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Comments

Scott Ford 1 year ago

The comment I made at the beginning and close of the forum today was that I will likely frustrate some people because of two philosophies at my core when making decisions regarding the use of taxpayers’ funds: 1). Great caution needs to be exercised when City resources extend beyond providing essential services and maintaining existing City assets. 2). When resources (taxpayers’ monies) are at stake we must understand clearly what the desired outcome is and how it is going to be measured.

I know there is a perspective that a return on investment (ROI) does not always matter. I believe that it does because real taxpayer dollars are being spent. The City does not own these taxes - the people do. I am confident this will be an ongoing debate within City Council. It promises to be interesting.

I realize that not everything that can be measured is meaningful and not everything meaningful can be measured. However, this is where judgment is necessary to know the difference. Without this judgment it is possible to spend money on problems hoping for improvement and never be sure it made the desired difference.

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Scott Wedel 1 year ago

It is well known that people tend to believe the cost of something is justified by the amount being asked. Any number of wineries have learned that offering a good wine at a good price leads to customers thinking it is a cheap wine. But offering the same wine at a premium price with a marketing campaign increases volume sales because now people believe it is a premium wine.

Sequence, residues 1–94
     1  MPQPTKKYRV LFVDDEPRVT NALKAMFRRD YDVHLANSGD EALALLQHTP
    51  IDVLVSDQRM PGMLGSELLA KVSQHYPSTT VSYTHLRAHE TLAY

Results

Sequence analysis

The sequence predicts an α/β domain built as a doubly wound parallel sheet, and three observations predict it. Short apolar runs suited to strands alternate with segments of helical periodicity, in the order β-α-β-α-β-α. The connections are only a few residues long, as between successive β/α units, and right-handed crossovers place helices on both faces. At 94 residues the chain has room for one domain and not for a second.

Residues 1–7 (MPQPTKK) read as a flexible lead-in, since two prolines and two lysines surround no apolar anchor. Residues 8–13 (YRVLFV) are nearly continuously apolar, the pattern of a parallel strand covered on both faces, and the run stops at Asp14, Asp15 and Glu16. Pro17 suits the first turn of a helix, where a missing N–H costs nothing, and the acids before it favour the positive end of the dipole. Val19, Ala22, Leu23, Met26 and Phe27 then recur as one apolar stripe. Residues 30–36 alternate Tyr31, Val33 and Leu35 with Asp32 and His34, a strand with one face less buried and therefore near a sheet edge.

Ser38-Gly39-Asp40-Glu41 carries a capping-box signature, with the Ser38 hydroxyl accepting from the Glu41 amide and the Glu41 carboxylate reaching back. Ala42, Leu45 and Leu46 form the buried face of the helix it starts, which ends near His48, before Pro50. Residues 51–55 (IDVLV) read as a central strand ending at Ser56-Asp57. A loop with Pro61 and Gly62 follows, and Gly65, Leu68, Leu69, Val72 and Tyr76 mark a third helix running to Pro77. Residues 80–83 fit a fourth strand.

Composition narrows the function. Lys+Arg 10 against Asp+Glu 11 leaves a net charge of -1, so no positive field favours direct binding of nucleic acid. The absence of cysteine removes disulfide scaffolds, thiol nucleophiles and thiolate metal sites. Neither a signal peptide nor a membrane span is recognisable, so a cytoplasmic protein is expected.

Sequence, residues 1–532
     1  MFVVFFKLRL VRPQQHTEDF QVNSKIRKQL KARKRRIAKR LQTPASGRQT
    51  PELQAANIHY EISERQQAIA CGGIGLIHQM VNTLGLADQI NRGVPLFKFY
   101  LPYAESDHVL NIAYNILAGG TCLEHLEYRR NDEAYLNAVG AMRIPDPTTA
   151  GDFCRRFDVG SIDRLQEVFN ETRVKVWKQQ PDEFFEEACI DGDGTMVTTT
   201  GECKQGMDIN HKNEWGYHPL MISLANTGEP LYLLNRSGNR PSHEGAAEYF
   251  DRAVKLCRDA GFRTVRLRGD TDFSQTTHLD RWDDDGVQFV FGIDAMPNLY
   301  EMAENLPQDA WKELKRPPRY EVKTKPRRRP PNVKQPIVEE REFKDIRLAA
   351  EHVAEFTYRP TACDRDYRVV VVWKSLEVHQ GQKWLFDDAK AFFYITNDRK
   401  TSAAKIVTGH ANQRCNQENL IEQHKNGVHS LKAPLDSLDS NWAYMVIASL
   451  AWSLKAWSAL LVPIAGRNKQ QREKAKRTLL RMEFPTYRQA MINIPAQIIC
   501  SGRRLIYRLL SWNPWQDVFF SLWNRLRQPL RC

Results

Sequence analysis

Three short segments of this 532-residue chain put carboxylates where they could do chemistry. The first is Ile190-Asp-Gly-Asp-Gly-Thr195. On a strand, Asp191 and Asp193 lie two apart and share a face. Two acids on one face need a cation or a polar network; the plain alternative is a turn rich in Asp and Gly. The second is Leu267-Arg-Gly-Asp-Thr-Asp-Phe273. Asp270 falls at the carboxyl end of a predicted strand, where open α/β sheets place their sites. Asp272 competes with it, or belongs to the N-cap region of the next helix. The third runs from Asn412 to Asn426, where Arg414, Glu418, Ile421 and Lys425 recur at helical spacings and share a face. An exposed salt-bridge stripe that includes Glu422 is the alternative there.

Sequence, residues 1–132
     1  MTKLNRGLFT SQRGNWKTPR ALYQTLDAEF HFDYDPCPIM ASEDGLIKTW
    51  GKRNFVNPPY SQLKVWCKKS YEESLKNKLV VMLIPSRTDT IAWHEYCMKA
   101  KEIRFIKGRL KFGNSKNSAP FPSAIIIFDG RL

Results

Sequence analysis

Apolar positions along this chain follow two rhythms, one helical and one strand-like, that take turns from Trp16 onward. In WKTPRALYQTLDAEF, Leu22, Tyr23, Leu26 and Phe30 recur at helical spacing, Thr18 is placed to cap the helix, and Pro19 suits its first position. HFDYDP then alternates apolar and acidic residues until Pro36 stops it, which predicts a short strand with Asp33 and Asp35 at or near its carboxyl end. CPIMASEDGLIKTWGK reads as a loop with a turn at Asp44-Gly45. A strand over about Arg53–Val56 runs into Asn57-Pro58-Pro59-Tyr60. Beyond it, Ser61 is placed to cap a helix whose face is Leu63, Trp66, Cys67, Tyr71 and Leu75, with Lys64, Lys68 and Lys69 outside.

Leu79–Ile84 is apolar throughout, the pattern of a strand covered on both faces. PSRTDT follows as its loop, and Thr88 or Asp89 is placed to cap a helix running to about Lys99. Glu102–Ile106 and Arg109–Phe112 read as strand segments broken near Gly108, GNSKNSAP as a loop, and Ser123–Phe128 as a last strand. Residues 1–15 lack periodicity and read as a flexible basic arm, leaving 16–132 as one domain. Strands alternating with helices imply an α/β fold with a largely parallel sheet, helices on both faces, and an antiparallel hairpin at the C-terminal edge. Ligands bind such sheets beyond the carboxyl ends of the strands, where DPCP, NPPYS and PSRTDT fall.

When government money is being spent then the actual value should be attempted to be determined and not the marketing value of doing what is being hyped as being popular.

Why is the city giving money to YVHA? So YVHA can continue to make payments on Elk River parcel and figure out what to do with it before the latest interest only period expires and YVHA is again financially crushed when it has to make payments of principal and the interest rate adjusts higher?

More important, city has yet to explain why a new police station is expected to cost $500 per sq ft.

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John Fielding 1 year ago